- Bruce Molsky
Depending on your perspective, January in Vermont might represent a climactic blessing that enables a glorious month of recreational adventure, or a hellish, relentless beast that grips you in its jaws for 31 of the most miserable days of the year. Either way, you might want to consider a slide to Montpelier this weekend, where the Summit School of Traditional Music and Culture’s Spice on Snow festival offers a musical — and gustatory — respite from winter’s coldest month.
Spice on Snow is the fourth annual mid-winter festival for the Summit School. Since its inception in 2011, the event has doubled from two to four days, and expanded from a music slate of all-local performers to one drawing nationally known players for a series of concerts and intimate instructional workshops.
This year’s headliners include the Revelers, a Lafayette, La., Cajun ensemble featured on HBO’s post-Katrina epic series “Treme” and Anthony Bourdain’s “No Reservations.” They’ll hit Montpelier Town Hall on Friday, January 10, for a Cajun dinner, concert and dance.
Sharing top billing is Bruce Molsky, a legendary old-time fiddler who has been nominated for two Grammys and whom Darol Anger — no slouch in the strings section himself — calls “the Rembrandt of Appalachian fiddle.” Molsky will perform Saturday, January 11, at Bethany Church in downtown Montpelier.
Other musical guests include Ithaca, N.Y.-based old-time musicians Richie Stearns and Rosie Newton, and Vermont’s venerable old-time master Pete Sutherland, who’ll be playing the festival’s finale with Yankee Chank and Friends. Spice on Snow also offers free coffeehouse shows with local groups Good Old Wagon, the Zeichner Family Band and the Turning Stile.
The Cajun theme pervading the festival has its roots in the musical explorations of Summit School founder and board member Katie Trautz, who’s been traveling to Louisiana for the past two years to perform, first with the Kick ’em Jenny Stringband and then with Montpelier rocker Jay Ekis.
Trautz describes her adventures, which center on Lafayette’s Blackpot Festival, as an immersive learning experience. And during her time there, she’s befriended a number of Cajun musicians, including members of the Revelers.
Reached by phone at the Ashokan Music and Dance Camp in the Catskills, where he’s teaching at an annual New Year’s workshop, Revelers bassist Eric Frey seemed quite pleased to be making the journey to Montpelier, despite its northern locale. When informed of the current weather conditions, he chuckled.
“People say, ‘I bet you aren’t used to this kind of weather down in Louisiana,’ but every year we come up and do some sort of winter tour, so we are pretty accustomed to it,” said Frey. And, he added, it’s easy to get warmed up at a Cajun performance, because Cajun is about participation.
“It’s a very social music,” continued Frey, who grew up in a musical family in Louisiana and started picking bluegrass guitar at age 8. “Whether you are getting into the mix and playing some tunes with everybody or participating by dancing, or just hanging out at the bar drinking a beer and having a good time,” he said, “it’s not the kind of music you want to sit around and just watch.”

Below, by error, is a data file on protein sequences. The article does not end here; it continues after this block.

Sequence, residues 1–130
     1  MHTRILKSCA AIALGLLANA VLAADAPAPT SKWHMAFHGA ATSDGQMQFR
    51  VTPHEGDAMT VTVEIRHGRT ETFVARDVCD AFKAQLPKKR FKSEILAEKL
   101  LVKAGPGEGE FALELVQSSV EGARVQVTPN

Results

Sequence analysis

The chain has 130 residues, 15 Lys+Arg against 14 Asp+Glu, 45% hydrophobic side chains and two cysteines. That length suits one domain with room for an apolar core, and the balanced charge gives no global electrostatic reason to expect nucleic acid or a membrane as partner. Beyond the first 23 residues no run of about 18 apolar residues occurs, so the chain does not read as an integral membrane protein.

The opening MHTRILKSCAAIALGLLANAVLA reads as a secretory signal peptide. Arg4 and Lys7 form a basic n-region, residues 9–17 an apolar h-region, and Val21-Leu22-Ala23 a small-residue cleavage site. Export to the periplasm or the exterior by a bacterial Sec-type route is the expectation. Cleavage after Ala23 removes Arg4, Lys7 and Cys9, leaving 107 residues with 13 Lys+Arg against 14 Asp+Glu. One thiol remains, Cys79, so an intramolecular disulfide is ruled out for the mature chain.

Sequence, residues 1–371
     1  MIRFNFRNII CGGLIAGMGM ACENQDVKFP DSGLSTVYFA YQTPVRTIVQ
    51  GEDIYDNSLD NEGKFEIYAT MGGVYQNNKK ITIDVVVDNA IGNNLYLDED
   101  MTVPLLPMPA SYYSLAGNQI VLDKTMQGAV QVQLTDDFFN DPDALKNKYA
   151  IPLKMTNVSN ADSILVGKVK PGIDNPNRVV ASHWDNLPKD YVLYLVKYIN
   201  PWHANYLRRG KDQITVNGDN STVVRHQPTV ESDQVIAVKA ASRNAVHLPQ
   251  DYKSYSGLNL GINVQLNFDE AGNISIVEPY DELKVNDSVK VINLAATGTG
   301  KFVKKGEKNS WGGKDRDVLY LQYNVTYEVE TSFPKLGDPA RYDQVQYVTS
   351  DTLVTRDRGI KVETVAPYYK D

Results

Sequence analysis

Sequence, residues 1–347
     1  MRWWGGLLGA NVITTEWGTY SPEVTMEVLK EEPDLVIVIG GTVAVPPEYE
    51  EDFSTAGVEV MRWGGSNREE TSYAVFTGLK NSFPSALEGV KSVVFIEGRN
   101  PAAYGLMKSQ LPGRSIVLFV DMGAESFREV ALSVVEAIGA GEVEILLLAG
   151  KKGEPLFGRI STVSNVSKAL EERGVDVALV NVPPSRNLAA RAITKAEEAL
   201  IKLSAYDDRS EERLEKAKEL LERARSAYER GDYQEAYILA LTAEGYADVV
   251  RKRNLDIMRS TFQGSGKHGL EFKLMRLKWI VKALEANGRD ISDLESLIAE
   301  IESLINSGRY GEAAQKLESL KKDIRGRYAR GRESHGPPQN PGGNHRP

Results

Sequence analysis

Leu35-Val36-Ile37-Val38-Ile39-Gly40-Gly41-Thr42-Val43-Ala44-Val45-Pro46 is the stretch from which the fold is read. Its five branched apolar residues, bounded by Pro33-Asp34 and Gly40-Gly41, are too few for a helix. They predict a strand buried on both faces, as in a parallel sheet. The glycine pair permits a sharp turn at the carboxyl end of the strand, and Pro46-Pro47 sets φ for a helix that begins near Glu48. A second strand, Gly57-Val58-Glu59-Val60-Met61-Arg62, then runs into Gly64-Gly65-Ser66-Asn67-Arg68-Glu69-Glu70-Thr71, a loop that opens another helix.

Those who don’t know any Cajun dance steps needn’t worry. The Revelers regularly travel with dance instructor Corey Porche, who’ll be offering free lessons just before the band’s Town Hall show. And, according to Frey, there’s a side benefit to learning the steps: “Once you can dance to Cajun, you can dance to anything.”
In addition to the free dance class, Spice on Snow includes more than a dozen 90-minute workshops in Cajun, Zydeco, country and old-time music, at a cost of $10 to $25 each. Offerings include old-time fiddle and banjo, Cajun/Zydeco accordion, harmony singing, Cajun guitar and a more in-depth dance class. Everyone, from neophytes to musical veterans, is invited to participate.
At most traditional Cajun events, music is only part of the picture, and the role of food can’t be overstated. In fact, the name for the Blackpot Festival comes from cast-iron cookware used to simmer up a good gumbo. Spice on Snow will bring the heat to the kitchen courtesy of Lafayette chef Toby Rodriguez and Montpelier’s New England Culinary Institute.
Rodriguez, who has appeared on “No Reservations” and “America’s Top Chef,” has taught the mysteries of Cajun boucherie as far north as Alaska. And when he visits Montpelier for Spice on Snow, he plans on going at it whole-hog in a series of what he calls “extremely hands-on” cooking workshops.
On Friday morning, Rodriguez will lead a class in South Louisiana whole-hog butchering at NECI’s College Street kitchens. He’ll follow it up in the afternoon with a class on cooking traditional neck-bone stew. That dish will form the centerpiece of a Town Hall meal preceding the Revelers concert.
On Saturday at NECI’s School Street kitchen, Rodriguez will work with students to make Cajun sausage and smoked meats. Later that day, he’ll collaborate with students on boudin and hog headcheese. The products of these classes will be served at a dinner before Bruce Molsky’s Saturday night concert and in a five-course brunch Sunday morning at Three Penny Taproom.
Rodriguez, a sculptor and furniture maker who has never trained as a chef, emphasizes that if you cook or eat at Spice on Snow, you’ll learn the difference between spurious Cajun food and the real thing. Most people, he says, equate Cajun with one type of spice: heat. And they couldn’t be more wrong. “There’s a whole array of spices that go into it,” Rodriguez says.
With that, he might well be describing not only Cajun cooking but the Spice on Snow festival itself.
The original print version of this article was headlined "Cajun Capitol"